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Remembering Helen McCrory

I only met the magnificent Helen McCrory once, for an hour and a half, in a tiny room above a shop in Tottenham Court Road. But that meeting left an indelible impression on me and I will never forget the magic of her presence. I had been hired as the historical consultant on the film Woman in Black 2 and after working on the script I was asked to meet Ms McCrory and Phoebe Fox. I arrived early for our meeting and was not quite sure what to expect. They arrived together and before Helen had taken off her coat and sat down opposite me the questions began. Who was I? What had I written? What were my credentials for advising them on life in London in the Second World War? She was not impressed with Jambusters but when I mentioned that I’d written Fearless on Everest she looked at me sharply and said: ‘Sandy Irvine? The one who climbed with George Mallory? Oh that is exciting. My husband is mad about the Mallory and Irvine story. I must get him a copy of your book.’ I don’t know if she ever did but I was fascinated to learn that Damian Lewis is interested in the Everest 1924 saga.

After that we settled down. Phoebe Fox was relaxed and chatty, Helen McCrory the consummate professional. She was not there to waste her or my time and her questions were searching and intelligent. We talked about her character, Jean Hogg, and how she would get inside her head and understand what she was thinking. The conversation moved from her personality to her physical presence. What would she be wearing? A suit or a dress with a cardigan, I suggested. ‘No, I mean what would she have been wearing underneath all that?’ A corset, I said. ‘A corset? Surely that is Victorian?’ I replied that in 1940 over a third of the female population wore corsets and someone the age of Jean Hogg probably would have been one of that third since it was mainly younger women who were happy to cast corsets aside for the new-fangled bra and pants. That really captured her interest. ‘So when were bras invented?’ Well, it’s a complicated story but suffice it to say that it was only in the mid-1930s that they were mass-produced for the European market. ‘Oh I like that,’ she said. ‘So what sort of corset would Jean Hogg have worn?’ The question almost caught me off guard but then I remembered talking to my friend Marion Platt whose grandmother was a corset wearer. Marion had described watching the old lady (probably in her fifties) taking off her stays at night, rolling them up and putting them carefully on her bedroom chair. So I told Helen the story and described the simple stays that Marion’s grannie had worn.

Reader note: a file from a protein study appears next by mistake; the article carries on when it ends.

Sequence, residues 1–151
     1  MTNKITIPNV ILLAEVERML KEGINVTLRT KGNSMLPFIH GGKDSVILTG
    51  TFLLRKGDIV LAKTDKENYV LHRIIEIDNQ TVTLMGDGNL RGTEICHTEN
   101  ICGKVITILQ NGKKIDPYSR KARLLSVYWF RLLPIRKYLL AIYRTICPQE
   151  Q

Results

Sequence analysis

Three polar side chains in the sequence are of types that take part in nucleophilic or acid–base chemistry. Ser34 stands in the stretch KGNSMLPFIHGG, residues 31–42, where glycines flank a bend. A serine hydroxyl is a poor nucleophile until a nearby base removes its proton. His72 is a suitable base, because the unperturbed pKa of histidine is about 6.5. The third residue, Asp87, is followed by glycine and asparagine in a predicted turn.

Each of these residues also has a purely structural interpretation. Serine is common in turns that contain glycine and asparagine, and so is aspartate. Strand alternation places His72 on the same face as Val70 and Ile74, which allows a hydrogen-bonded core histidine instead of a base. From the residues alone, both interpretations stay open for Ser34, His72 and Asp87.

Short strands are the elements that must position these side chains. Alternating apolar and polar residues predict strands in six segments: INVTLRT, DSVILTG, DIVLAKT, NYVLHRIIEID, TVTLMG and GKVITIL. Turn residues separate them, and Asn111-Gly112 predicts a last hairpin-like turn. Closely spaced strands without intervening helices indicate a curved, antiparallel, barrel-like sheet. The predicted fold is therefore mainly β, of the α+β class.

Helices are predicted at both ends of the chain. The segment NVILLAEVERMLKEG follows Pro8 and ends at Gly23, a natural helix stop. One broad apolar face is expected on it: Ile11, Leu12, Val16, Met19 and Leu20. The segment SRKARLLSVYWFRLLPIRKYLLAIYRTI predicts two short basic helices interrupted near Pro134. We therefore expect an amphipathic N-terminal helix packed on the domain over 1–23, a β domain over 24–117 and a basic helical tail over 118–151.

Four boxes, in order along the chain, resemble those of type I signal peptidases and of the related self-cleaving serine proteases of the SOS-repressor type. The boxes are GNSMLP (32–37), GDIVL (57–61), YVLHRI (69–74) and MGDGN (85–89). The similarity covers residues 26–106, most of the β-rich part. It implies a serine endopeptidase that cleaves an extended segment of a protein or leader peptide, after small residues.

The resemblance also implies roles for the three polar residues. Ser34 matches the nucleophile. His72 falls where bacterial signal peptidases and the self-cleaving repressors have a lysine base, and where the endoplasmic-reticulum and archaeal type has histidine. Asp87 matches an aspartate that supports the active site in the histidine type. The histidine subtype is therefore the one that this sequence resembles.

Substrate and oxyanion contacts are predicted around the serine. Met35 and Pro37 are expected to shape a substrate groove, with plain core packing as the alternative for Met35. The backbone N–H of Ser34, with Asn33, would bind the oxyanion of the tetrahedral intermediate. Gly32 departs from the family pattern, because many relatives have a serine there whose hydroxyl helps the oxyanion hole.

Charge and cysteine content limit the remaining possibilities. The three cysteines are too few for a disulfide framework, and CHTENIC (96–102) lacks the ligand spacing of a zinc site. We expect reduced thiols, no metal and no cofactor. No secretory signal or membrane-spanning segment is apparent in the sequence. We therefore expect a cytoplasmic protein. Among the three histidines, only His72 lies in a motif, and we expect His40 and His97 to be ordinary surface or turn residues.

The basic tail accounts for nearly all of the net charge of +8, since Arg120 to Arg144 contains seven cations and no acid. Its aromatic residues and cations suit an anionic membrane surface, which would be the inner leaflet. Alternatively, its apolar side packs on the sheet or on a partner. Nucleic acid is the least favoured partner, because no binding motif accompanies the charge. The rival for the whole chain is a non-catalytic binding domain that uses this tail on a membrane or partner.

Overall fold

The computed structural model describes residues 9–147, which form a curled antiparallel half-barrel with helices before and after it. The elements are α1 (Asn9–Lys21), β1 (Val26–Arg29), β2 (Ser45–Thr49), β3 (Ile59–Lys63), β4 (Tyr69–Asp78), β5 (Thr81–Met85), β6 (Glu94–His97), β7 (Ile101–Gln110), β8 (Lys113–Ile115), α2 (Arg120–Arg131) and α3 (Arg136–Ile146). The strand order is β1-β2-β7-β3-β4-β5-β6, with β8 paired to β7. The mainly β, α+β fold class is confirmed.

Helen McCrory and Phoebe Fox in Woman in Black 2

‘How would that have made her look? I mean, how would it have affected her posture?’ She sat up on her chair, straightened her back and asked ‘Like this?’ ‘Not quite so stiff,’ I replied. She moved her body around, feeling for the right sort of pose. It was stunning to watch. She had perfect control over her poise and as she moved her body around, making minute changes to her posture she morphed from beautiful, natural Helen McCrory into middle-aged, spinsterish Jean Hogg. I couldn’t take my eyes off her, nor could Phoebe Fox. It was mesmerising. And then it was all over. She relaxed, smiled oh so warmly and thanked me for helping her to get inside the head and body of her character.

When she stood up to go I realised how petite she was, yet her presence was enormous. I have met other actors since, but none has made my heart beat as fast as Helen McCrory. I have watched her on television many times and I always feel a tiny sense of pride that I once met this great, wonderful, clever, beautiful professional woman whose brilliance has touched so many and whose life has been extinguished way too early.

Men on the Move: The Royal British Legion at 100

I mentioned in a previous blog that one of the things that struck me about the Royal British Legion was the age of its membership around the time of its formation. Rather like the Women’s Institute when it was set up in 1915 with its members average age of 24 years old, the Legion’s profile was young. Many of the men who had returned injured during and after the First World War were in their twenties. Some had missed out on education and apprenticeships as a result of conscription. What these men wanted more than handouts or sympathetic support was a job. The Legion was active in helping tens of thousands of men to find work after the war but there was a cohort of disabled men for whom it was much more difficult to find employment. Sometimes their disabilities meant they were physically unable to undertaken manual work. A man who had suffered a spinal injury or who had lost a limb would not be able to work in a factory or in agriculture, but he needed a job.

The Legion knew that nothing was more demoralising for a man who had returned injured to be told he could not work. It worked hard on many fronts but none more so than for these men. The Poppy Factory, one of the Legion’s best-known and popular undertakings helped thousands of men and families over the years offering employment and support. It still does. Poppy making is a year-round business and although the busiest period is in the run up to Remembrancetide, there is a permanent workforce at the factories in Richmond and Aylesford who keep the poppies and wreaths pouring off the production line.

Men working at the Poppy Factory 1930s (c) Poppy Factory Archive
Working on wreaths at the Poppy Factory in Richmond, 2020 (c) Royal British Legion/Gavin Kingcombe